Closing the hole for Black enterprise house owners

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Early in her career, Burunda Prince ’83 recognized that even with a title, a nice office, and credentials including a bachelor’s in chemical engineering from MIT and an MBA from Harvard Business School, she would still be excluded from important discussions at her workplace. 

Once, after a meeting about one of Prince’s projects, her male colleagues continued their dialogue as they walked into the men’s bathroom. “I followed them in,” says Prince, laughing. “I told them I was determined to advocate for my position. And if this is where the conversation was taking place, so be it.” 

COURTESY PHOTO

Although more women and people of color now have a seat at the table where strategic decisions are made, Prince says, those groups are still often left out of the informal networks where investment and funding deals take place. Overcoming that barrier is especially important because entrepreneurship is crucial to building wealth. “The greatest equalizer in the wealth disparity between white America and people of color is business ownership,” she points out.

As chief operating officer at the nonprofit Russell Innovation Center for Entrepreneurs (RICE) in her hometown of Atlanta, Prince is working with her team to build the infrastructure to support Black entrepreneurs in successfully building their companies. 

RICE is part incubator, part accelerator, and part maker space. Launched in 2019 by the descendants of Herman J. Russell, a noted Atlanta businessman, philanthropist, and civil rights supporter, it provides business advice, training, access to capital, and networking opportunities to more than 500 Black-owned local startups and small businesses. Among the services it offered during the pandemic was assistance with Paycheck Protection Program loan applications to help local businesses stay afloat.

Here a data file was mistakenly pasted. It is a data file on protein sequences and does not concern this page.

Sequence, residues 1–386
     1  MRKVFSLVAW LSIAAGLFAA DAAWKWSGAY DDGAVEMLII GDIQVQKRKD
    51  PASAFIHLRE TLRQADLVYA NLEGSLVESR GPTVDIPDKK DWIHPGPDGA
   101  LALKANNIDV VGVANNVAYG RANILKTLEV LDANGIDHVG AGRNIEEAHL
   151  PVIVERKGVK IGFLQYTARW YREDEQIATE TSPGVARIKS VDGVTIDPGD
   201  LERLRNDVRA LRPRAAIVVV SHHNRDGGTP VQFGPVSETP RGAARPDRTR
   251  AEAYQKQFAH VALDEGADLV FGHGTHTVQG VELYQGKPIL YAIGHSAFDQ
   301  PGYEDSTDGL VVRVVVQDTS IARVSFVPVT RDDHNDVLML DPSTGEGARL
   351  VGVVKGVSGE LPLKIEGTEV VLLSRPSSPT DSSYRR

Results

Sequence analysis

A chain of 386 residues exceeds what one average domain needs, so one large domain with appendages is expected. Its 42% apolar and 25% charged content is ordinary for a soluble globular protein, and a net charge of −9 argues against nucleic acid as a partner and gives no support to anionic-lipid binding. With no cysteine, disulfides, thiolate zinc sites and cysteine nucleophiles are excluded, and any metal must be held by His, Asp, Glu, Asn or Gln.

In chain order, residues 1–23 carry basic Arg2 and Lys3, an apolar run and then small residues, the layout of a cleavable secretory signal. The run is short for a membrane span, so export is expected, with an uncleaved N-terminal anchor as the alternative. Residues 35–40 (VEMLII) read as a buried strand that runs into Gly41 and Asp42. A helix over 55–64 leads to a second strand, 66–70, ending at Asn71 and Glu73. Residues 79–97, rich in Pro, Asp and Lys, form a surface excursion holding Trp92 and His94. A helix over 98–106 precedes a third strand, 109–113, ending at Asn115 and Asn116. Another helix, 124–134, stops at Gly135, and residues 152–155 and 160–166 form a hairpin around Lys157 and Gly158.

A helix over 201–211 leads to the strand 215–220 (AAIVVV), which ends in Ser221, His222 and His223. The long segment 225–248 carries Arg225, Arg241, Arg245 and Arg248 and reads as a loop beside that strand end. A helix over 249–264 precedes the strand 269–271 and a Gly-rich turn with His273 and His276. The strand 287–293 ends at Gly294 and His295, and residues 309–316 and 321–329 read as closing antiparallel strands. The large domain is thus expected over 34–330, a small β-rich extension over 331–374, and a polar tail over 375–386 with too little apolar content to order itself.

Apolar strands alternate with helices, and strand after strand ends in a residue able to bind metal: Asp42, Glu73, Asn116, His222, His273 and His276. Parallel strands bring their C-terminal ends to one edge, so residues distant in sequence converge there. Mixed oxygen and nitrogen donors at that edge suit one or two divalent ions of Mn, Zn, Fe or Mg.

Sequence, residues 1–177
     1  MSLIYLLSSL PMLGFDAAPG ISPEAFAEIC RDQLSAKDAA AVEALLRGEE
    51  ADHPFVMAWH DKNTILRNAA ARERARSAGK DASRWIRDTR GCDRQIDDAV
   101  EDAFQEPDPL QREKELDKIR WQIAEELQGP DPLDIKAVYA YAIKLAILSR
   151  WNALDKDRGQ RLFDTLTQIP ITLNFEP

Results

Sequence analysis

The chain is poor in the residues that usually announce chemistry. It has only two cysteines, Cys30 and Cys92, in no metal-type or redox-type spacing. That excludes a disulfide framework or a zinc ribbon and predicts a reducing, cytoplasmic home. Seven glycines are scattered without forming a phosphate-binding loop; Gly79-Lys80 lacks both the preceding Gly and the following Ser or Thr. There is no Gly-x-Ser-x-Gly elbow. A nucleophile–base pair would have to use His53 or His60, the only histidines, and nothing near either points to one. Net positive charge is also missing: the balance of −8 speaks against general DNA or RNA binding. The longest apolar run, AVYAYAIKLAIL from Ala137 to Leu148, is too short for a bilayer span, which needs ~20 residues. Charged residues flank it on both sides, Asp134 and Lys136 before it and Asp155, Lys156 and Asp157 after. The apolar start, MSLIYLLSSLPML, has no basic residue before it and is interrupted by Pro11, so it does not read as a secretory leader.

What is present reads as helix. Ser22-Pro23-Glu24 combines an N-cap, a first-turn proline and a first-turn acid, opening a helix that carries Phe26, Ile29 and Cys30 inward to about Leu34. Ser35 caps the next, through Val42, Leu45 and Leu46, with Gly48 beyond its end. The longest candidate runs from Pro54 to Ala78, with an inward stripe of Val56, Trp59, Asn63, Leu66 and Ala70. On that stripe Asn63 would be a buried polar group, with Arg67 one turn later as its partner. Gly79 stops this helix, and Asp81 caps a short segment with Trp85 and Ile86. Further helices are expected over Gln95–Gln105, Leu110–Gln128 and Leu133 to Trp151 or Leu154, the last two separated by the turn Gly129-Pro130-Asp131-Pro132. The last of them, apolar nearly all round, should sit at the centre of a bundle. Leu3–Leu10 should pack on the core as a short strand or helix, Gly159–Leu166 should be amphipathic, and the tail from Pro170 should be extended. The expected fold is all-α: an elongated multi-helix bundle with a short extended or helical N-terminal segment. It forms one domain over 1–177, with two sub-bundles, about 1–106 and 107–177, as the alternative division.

“It can take years for a business to grow, develop, and become sustainable. In addition to sales and capital, I needed to offer other metrics,” says Prince. “We found that key touch points—how often the center’s staff interacts with the entrepreneur—are the best measure for success. It also signals that RICE is in this for the long haul with members, funders, and supporters.” 

Prince came to RICE from a managing director role at the Farm, Comcast NBCUniversal’s tech accelerator. “As COO I’ve been able to leverage all my previous career experiences from corporate to consulting to leadership roles at nonprofit civic organizations,” she says. “And I have the privilege of supporting Black entrepreneurs in a way that impacts individual lives and communities.”